Press releases found to exaggerate research findings

Investigators are cautioned to avoid overstating outcomes, and academic medical centers are urged to refrain from issuing releases on early findings.

By Susan J. Landers — Posted June 12, 2009

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A new study shows there's plenty of blame to go around when a less-than-earth-shattering research finding gets headlined as the next miracle cure.

Although fingers most frequently point to the media, a study in the May 5 Annals of Internal Medicine found that exaggerated claims for medical research often begin with the press releases prepared by academic medical centers. (link)

The study examined 200 releases from 20 medical centers and found that 58 releases exaggerated a finding's importance, some explicitly claiming relevance to human health although the research was done on animals. About one-quarter of quotes from researchers overstated the importance of the findings, the study's authors said.

"We were interested in academic medical centers because they set the standard for research and education in the U.S.," said co-lead author Lisa Schwartz, MD, associate professor of medicine at the Dartmouth Institute of Health Policy and Clinical Practice in Lebanon, N.H., and co-director of the Veterans Affairs Outcomes Group at the VA Medical Center in White River Junction, N.H.

Dr. Schwartz teaches journalists at conferences nationwide how to accurately assess the quality of the research they report on. "While we are teaching the journalists how to be more skeptical, they tell us about the exaggerated sources they see."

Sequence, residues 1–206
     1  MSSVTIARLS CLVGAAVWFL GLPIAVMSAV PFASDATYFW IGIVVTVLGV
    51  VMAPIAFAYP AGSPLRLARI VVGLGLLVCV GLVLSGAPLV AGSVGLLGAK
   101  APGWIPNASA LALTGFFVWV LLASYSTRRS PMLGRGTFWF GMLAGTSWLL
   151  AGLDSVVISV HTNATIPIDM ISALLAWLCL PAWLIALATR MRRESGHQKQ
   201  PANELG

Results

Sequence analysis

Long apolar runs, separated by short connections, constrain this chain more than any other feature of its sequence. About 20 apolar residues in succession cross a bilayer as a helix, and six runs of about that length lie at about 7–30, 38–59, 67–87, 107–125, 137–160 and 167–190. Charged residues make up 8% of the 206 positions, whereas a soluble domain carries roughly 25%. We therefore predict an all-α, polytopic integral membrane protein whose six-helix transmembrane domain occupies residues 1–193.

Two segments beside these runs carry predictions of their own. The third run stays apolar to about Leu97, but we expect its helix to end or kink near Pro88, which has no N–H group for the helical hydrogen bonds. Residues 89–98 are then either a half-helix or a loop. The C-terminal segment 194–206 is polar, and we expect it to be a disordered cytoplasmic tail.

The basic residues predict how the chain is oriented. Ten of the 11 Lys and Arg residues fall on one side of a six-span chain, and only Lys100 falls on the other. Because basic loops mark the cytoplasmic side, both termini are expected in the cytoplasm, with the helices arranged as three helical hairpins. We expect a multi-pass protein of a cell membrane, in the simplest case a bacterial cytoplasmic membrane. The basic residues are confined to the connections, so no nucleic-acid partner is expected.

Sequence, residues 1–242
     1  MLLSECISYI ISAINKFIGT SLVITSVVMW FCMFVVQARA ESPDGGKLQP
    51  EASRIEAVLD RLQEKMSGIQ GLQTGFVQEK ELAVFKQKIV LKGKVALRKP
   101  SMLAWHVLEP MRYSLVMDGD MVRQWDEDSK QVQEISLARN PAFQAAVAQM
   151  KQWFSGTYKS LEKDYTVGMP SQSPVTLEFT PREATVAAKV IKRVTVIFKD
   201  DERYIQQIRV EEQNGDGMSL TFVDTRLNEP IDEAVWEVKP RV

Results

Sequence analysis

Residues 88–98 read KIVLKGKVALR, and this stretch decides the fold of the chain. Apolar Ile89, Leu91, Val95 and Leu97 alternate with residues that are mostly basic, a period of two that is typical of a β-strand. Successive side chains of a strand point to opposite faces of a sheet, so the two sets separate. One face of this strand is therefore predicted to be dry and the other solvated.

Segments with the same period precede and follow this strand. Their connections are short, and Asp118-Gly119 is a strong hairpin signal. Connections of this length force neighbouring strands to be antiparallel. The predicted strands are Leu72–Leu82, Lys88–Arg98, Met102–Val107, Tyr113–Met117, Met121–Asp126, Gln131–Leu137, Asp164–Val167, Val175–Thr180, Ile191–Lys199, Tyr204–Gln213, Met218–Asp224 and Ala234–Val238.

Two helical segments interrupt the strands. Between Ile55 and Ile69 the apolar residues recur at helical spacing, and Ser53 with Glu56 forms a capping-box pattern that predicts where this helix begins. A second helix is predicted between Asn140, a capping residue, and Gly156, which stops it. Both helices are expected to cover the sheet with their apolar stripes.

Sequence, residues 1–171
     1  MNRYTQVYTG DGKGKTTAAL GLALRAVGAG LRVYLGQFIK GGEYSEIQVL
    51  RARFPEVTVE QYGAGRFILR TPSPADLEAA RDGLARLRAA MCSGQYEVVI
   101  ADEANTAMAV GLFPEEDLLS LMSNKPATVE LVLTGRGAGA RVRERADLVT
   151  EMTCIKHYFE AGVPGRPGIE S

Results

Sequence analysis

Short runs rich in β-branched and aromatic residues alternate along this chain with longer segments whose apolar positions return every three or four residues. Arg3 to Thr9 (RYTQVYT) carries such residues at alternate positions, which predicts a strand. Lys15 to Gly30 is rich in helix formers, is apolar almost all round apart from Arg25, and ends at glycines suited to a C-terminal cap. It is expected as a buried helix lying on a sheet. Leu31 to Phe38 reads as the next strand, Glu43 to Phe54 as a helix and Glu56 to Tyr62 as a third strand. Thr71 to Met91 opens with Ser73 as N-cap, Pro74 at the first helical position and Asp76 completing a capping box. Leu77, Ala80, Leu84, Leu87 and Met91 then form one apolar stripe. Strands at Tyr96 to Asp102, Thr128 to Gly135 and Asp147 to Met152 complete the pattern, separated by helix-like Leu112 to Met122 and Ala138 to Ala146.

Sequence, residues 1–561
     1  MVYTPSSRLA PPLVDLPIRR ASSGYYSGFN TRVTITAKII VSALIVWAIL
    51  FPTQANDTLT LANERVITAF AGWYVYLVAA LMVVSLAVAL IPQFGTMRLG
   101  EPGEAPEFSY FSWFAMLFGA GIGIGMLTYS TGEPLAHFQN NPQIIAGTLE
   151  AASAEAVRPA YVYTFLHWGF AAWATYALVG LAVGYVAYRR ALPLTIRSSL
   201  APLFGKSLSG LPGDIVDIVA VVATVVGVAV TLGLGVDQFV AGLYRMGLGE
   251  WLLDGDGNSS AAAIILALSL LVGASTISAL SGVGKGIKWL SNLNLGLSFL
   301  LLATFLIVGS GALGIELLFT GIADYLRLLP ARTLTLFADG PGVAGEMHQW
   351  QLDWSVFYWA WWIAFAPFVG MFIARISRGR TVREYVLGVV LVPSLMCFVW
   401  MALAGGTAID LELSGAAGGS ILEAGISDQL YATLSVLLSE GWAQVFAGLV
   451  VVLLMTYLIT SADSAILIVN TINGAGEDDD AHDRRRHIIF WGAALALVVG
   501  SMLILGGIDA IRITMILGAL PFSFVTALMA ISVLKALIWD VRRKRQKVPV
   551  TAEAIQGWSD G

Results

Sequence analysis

To help resolve the issue, Dr. Schwartz urged investigators to be "responsible in their quotes and try to avoid overstating the implications of their research." Investigators also should review press releases to ensure they set the right tone.

In addition, medical centers should issue fewer releases about preliminary findings, since conclusions may change over time, Dr. Schwartz said. There also should be fewer releases about animal or laboratory research.

Joann Rodgers, director of media relations and public affairs for Johns Hopkins Medicine in Baltimore, found some of the study's conclusions "disconcerting." She said it's important that press releases be issued on basic and translational research because they demonstrate the "process of science."

She criticized the study for undervaluing the intelligence of the public. "People who read these stories or see them on TV, and certainly the journalists who report on them, understand that when a press release says a finding in mice might have some application for humans in the future, it's not going to be tomorrow."

But she said the study has value because "it gets a dialogue going about good practices in writing press releases."

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